Our Bodies and Writing (by Jon)
I want to make this short; we are all busy writers trying to make beautiful writing, and we know you are too, which means that we don’t always have time to write blog posts (or read them for that matter). So I’ll get to my point:
Writing is a bodily experience.
Each letter, word, sentence, and paragraph, all the way through the entire length of your poem, story, or book, you are making choices. We all know that. Everything in art is choice, and some artists are better at making choices than others. But what many of us forget is that each choice is a physical one.
Whether you write by hand or on a typewriter, or you prefer laptops and tablets, each letter and punctuation mark is a physical choice; a somatic movement to make that choice.
I write by typewriter—my handwriting is illegible and when I get on the computer I lose myself to cat videos and silly games. I need a typewriter to get any work done at all. But what I love most about it is that I have to work for each letter and word. It’s not a simple tapping of a computer keyboard or tablet screen, I have to mean every single letter I choose. All the muscles in my hands and arms and shoulders get a good workout typing. Writing becomes an exercise for me. It also slows me down, keeps me from outrunning the story with words. It is because of my typewriter that I am able to sit and write 1000-1500 words in one sitting: I can’t go back and erase what I’ve written; once I start a word or sentence, I can’t restart it, I’m stuck with that thought and I must finish it, even if it’s terrible; I get more on the page because all I can do is move forward. It’s what works for me.
You have to find what works for you.
But here’s the problem: more often than not, we forget that our bodies are part of our writing. The world is experienced through senses, a measly five senses to boot. In order for us to recreate those senses, to create scenes and characters that are believable, we need to experience the world through our own senses. We need to touch things, smell things, taste things, see things, and hear things. Our bodies give us the understanding we need to select the right words for those experiences; then through our bodies those words find themselves on the page/screen.
Without our bodies, we cannot express anything. Thoughts and ideas only exist in our bodies, and can only be communicated through our bodies. It’s why we write. It’s why we do anything.
So when you’re writing this next week or so, think about your body. What is it telling you? Where do your muscles lead you? Follow them. Let them tell their stories.
In a moment of frustration and passion for my writing I vented about the loneliness that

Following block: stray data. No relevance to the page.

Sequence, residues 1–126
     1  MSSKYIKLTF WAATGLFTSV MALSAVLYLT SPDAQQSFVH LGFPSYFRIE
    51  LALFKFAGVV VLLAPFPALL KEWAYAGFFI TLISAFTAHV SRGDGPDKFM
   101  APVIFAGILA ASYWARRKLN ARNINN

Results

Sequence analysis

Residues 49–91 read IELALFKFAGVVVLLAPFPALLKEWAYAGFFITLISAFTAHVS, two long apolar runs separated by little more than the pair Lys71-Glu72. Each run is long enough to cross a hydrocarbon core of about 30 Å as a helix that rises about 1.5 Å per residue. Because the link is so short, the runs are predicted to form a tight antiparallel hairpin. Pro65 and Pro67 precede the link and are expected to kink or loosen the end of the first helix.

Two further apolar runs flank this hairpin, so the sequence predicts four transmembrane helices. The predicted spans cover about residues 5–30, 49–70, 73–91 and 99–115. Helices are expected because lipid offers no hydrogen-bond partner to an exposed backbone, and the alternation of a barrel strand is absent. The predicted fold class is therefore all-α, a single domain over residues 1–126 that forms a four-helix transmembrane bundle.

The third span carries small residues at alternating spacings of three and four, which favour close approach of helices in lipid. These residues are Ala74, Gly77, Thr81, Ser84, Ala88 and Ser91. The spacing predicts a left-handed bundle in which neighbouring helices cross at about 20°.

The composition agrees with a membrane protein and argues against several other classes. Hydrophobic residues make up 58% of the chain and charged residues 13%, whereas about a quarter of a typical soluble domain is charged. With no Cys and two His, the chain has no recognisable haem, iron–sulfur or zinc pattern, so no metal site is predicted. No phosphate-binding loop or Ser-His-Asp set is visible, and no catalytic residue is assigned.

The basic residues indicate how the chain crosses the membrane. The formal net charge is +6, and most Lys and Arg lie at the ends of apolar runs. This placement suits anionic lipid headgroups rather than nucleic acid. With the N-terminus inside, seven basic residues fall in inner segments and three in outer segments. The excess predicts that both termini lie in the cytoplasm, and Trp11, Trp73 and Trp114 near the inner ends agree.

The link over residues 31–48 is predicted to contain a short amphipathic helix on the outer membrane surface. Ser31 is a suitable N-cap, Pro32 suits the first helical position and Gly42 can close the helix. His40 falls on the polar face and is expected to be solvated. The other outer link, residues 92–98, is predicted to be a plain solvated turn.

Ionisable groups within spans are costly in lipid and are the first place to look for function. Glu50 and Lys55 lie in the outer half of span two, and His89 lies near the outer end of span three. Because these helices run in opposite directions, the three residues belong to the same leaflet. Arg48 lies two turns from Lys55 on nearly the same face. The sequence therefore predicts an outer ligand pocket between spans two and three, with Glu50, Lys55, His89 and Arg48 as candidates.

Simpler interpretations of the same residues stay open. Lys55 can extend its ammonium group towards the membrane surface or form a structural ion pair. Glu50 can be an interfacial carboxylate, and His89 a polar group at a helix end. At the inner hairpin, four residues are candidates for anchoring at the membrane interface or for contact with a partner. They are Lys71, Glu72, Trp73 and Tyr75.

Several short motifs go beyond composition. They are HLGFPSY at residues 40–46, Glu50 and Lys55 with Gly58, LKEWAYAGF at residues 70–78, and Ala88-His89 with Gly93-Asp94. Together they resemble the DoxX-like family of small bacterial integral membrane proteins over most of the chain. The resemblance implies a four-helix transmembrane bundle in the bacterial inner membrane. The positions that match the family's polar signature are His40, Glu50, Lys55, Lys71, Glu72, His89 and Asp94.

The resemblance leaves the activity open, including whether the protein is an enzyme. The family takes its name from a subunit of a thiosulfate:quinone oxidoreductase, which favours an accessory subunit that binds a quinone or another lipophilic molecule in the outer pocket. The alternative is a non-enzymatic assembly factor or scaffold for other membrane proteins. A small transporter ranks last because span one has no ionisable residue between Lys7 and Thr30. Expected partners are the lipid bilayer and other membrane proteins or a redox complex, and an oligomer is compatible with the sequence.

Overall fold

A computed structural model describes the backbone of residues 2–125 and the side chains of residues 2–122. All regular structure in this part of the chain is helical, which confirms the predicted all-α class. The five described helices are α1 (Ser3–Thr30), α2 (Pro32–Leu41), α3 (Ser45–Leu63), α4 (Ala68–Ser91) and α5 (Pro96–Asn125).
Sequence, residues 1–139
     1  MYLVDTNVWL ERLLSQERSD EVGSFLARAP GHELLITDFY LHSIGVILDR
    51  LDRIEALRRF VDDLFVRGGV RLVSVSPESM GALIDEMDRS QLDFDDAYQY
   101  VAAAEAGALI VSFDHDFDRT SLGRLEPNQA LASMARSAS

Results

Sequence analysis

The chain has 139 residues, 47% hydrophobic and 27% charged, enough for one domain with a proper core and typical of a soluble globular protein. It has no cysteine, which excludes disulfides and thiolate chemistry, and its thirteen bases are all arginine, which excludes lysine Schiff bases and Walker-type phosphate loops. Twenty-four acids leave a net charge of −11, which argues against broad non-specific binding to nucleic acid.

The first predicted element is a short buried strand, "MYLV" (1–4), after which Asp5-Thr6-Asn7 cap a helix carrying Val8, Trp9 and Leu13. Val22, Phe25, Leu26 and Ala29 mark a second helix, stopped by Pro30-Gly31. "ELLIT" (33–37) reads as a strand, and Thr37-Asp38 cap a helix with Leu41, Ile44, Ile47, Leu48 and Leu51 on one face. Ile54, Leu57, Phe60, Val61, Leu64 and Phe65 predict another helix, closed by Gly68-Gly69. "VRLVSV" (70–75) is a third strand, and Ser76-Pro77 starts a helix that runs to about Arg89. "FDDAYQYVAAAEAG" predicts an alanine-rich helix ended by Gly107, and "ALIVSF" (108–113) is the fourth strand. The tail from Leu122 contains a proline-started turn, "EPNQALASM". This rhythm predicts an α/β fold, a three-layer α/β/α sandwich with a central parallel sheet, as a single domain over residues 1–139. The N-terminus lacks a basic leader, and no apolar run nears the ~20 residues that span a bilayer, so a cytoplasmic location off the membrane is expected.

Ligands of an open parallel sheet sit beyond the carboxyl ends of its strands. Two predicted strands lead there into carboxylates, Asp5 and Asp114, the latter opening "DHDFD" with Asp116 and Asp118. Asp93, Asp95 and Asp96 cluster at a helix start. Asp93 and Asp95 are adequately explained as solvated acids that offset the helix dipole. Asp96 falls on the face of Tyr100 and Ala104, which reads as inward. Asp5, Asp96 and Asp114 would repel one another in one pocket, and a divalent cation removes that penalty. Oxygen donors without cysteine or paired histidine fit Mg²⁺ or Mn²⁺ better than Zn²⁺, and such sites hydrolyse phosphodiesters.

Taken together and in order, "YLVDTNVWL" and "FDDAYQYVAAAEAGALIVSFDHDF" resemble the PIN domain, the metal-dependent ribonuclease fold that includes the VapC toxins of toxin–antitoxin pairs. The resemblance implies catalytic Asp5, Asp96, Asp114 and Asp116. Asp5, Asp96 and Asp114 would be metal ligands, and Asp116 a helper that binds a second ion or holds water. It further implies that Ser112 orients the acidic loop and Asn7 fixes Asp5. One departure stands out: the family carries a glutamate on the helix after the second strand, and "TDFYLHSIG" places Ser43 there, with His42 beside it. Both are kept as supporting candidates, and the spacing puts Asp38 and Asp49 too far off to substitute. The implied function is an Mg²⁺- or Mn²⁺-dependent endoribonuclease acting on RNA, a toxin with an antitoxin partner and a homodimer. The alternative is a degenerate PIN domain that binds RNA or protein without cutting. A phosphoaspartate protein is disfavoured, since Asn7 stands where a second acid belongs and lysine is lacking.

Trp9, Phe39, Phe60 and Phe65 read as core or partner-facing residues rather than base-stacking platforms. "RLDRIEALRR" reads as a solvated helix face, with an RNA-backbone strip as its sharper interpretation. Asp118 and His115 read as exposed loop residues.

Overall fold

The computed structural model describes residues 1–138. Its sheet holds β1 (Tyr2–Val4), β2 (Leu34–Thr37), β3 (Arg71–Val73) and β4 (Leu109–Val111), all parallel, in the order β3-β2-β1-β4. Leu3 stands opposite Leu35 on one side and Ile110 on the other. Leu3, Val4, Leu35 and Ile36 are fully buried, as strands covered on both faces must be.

has followed me since completing grad school. Just when I thought I wasn’t being completely heard (because let’s face it, I could go on about writing for days and bore a person not interested in the subject) I received this little gem as a gift.
Turns out I was not only heard, but listened to and this book has been just what I needed.
“What a good artist understands is that nothing comes from nowhere. All creative work builds on what came before. Nothing is completely original.”
Kleon reminds his readers that it isn’t just about writing or painting or drawing, it is about the creativity. Creating is not necessarily about being original. As stated in the title, creativity comes from all over, including “stealing” from everyone and everything around you and making it your own.
The book is organized in just that fashion, a bit like a journal with things stolen from others. There are drawings, quotes, pictures etc. It is a collage of Kleon’s writing mixed with what he has picked up on his writing journey. The chapters are short, yet insightful and full of things that an artist may already know but needs to be reminded of from time to time. The book is small and perfect for a coffee table. It’s more of a tangible reminder to be creative rather than a book you read and then place onto a bookshelf. Since I have had this book it has been thrown in my bag, brought to work, rested on my night stand, laid on my couch and tossed around in my car.
Chapter five is one of my favorite reminders: Side Projects And Hobbies Are Important. Within this chapter there is a section called Practice Productive Procrastination. Kleon advises his readers to do other things, to “bounce between” different projects. I have found this beneficial as of late. My notebook sits around the house while I practice the guitar, water my plants, make homemade candles, make coasters, fix jewelry and all the while I am thinking about the new character in the story I am writing. If something new pops into my head, I write it down and then carry on with what I am doing. I also steal from some of the other things I am working on and incorporate them into my work. This comes into play when sitting and writing is just not flowing the way I want it to.
Kleon’s suggestions are easy to incorporate into your life, not mention the book is a quick read. I chose to savor it, read a little at a time, but it can easily be read in a day. Which is nice if you need a distraction or rather, a procrastination from your work. I could go on about this book, but it is short and I don’t want to give it all away and ruin your experience. My suggestion is that you go pick up a copy, spend a day reading it and then go be creative.
Check out Kleon's website: http://austinkleon.com/